The most current data show 1.26 million Kiwi adults, and around 101,000 children aged two to 14 years, are obese.
The child obesity rate has increased by four percentage points over each of the last two surveys from 8.4 per cent in 2006/07 to 12.4 per cent in 2017/18.
The percentage of adults suffering from obesity is around a third of the population (32 per cent – up from 27 per cent in 2006/07).
Obesity, which simply means being too heavy for your height in a way that affects your health, can lower life quality and shorten life expectancy.
It is associated with chronic health conditions including type 2 diabetes, heart disease, cancer, stroke, osteoarthritis, sleep apnoea and reproductive issues.
Many things contribute to obesity including behaviour, environment and genetics. Eating more than we burn off with activity is the basic equation for weight gain. But genetics can make some of us gain and store fat more easily than others, and environment, such as long or shift work hours, social deprivation, nutrition illiteracy, and a shortage of healthy food outlets and an oversupply of fast food options can make eating well and exercising regularly more difficult.
Obesity is a mental and physical burden for those who suffer from it, as well as a wider health system burden. Overweight and obesity cost between $700 million and $800 million a year in health costs and lost productivity, according to University of Auckland research.
This year, the Royal Australasian College of Physicians released an evidence review on obesity and came up with the following recommendations for policy makers:
• Introduce regulations to restrict the marketing of unhealthy diets to children and young people
• Implement an effective tax on sugar-sweetened beverages to reduce consumption – and use the revenue thus generated to facilitate access to healthy diets and culturally relevant initiatives to improve health equity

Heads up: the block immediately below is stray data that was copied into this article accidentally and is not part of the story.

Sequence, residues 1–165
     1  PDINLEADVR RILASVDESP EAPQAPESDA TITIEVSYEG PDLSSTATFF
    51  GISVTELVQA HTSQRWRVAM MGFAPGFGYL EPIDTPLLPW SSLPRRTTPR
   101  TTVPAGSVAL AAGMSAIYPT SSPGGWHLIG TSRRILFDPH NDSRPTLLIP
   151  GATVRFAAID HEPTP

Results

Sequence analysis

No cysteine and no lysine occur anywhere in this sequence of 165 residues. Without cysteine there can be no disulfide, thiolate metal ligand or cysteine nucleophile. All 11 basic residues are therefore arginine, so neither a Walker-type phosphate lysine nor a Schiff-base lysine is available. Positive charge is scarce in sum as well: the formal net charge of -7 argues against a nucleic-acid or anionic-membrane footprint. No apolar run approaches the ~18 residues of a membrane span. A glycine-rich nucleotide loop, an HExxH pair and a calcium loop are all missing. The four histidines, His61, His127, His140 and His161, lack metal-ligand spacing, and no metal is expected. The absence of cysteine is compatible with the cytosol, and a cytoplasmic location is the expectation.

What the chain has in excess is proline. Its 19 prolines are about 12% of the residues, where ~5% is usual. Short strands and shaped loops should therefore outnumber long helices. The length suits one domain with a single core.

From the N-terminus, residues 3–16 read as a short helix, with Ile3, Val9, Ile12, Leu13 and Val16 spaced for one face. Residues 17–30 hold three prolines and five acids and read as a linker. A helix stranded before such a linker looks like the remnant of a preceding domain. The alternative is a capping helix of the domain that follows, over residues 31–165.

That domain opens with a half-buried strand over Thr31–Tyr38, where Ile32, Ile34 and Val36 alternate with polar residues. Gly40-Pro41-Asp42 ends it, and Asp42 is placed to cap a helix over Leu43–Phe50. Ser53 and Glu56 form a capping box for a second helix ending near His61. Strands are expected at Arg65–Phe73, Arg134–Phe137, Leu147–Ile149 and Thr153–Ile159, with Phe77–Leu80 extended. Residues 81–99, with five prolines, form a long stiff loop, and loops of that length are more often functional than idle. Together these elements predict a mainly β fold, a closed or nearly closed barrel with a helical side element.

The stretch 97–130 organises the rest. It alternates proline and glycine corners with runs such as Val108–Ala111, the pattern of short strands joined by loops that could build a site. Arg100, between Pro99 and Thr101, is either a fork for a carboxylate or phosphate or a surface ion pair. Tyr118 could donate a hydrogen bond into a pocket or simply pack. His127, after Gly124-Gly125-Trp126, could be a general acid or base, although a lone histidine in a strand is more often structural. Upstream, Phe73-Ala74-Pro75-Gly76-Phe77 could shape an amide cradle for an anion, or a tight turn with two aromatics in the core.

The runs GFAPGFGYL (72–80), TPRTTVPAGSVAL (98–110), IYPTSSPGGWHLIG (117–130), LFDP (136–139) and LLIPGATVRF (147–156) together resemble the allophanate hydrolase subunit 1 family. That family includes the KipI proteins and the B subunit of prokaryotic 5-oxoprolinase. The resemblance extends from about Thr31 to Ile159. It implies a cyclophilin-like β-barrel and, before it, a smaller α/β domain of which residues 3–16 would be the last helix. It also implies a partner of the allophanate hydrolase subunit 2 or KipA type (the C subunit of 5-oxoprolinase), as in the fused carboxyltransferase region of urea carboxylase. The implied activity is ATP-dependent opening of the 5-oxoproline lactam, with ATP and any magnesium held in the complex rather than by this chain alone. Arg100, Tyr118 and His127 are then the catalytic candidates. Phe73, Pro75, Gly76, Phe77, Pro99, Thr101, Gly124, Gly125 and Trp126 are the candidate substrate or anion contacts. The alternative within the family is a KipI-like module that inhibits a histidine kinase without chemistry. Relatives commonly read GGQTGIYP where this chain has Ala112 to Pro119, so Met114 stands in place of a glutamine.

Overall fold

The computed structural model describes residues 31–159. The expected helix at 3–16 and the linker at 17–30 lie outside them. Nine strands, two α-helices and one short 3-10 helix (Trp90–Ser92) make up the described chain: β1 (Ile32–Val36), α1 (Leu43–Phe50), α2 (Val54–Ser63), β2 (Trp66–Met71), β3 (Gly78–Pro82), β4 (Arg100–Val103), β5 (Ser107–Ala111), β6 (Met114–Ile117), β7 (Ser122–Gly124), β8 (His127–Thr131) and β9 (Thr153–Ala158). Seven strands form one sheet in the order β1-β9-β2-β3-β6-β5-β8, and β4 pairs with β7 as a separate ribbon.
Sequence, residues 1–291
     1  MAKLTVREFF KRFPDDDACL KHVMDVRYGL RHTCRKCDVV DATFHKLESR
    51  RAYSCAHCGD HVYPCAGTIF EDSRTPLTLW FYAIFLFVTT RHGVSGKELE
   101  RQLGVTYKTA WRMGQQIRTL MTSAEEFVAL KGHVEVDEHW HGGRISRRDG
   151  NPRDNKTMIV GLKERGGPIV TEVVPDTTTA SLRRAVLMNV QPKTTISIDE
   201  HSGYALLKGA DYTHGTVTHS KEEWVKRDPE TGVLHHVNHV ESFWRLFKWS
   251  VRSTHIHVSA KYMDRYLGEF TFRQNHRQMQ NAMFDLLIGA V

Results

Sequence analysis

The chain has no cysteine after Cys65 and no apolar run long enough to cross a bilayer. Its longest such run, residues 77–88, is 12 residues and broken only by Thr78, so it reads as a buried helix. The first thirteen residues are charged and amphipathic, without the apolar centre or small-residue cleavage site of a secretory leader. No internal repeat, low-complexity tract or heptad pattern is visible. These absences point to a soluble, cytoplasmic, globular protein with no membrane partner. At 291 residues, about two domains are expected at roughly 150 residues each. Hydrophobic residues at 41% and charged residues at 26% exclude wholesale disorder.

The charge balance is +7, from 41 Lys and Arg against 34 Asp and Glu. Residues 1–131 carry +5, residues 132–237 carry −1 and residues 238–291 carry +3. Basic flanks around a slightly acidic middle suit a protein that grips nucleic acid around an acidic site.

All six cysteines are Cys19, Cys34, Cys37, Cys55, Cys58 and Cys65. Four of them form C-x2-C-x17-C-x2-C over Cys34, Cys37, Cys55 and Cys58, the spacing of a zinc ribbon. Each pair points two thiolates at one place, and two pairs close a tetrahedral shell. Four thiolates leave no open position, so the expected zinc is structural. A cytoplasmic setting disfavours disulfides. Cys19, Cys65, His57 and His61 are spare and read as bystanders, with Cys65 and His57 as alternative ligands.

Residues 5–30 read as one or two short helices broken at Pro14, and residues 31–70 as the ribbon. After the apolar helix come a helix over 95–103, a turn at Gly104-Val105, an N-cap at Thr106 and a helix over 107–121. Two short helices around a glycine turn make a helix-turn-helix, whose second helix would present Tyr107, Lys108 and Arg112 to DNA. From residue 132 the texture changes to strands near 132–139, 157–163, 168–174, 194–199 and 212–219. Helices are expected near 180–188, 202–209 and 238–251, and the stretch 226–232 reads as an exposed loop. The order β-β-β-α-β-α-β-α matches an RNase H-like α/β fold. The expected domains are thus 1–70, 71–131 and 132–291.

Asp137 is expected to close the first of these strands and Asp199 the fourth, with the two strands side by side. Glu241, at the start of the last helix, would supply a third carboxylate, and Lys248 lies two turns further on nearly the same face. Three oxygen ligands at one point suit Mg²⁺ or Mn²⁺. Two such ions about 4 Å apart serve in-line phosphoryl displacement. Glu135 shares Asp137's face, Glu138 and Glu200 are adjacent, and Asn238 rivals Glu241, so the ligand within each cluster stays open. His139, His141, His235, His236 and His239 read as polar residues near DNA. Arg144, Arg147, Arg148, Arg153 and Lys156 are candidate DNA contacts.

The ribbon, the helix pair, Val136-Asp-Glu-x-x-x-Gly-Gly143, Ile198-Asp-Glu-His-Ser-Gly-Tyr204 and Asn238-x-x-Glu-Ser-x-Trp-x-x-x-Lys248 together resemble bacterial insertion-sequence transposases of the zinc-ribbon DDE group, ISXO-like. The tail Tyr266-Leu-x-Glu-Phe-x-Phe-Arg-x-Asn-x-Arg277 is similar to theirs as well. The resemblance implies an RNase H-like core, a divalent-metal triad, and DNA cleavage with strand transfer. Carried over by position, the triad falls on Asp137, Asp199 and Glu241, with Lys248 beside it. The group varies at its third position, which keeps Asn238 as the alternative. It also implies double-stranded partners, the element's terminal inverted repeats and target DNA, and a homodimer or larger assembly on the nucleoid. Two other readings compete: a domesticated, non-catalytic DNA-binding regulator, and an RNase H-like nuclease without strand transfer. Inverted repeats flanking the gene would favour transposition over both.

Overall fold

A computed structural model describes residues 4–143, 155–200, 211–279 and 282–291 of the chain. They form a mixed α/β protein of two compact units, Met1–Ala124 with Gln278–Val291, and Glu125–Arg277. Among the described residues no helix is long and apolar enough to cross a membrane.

• Revise the Health Star Rating system’s nutrient profiling algorithm to give stronger weight to sugar content, and by 2019 require that the labelling be mandatory to encourage consumers to choose healthier options and motivate food manufacturers to reformulate and develop healthier products
• Set targets for reducing mean population intakes of nutrients associated with unhealthy diets based on World Health Organization recommendations
• Introduce a health and wellbeing principle as part of local government decision-making when considering land use planning and zoning permissions
• Implement consistent healthy food and drink service policies which promote and enable healthy diets
• Implement a health-in-all-policies approach across government, including transportation and urban planning design, prioritising active transport and active recreation solutions.
Current government approaches to tackling obesity include:
• Increased access to bariatric surgery (400 in the past year according to Ministry of Health numbers)
• Green Prescriptions for exercise
• A voluntary Health Star Rating system for front of pack labelling of food products
• Several sets of guidelines for clinicians and consumers
• Healthy Families NZ community-driven health promotion
• The 2015 Childhood Obesity Plan which incorporates some of the above and focuses on Before School Checks, maternity and organised sport support, marketing and advertising to children, information and education and more guidelines.
As evidenced by the latest Health Survey numbers, obesity is stubbornly high, despite these approaches. Perhaps it’s time to try something else.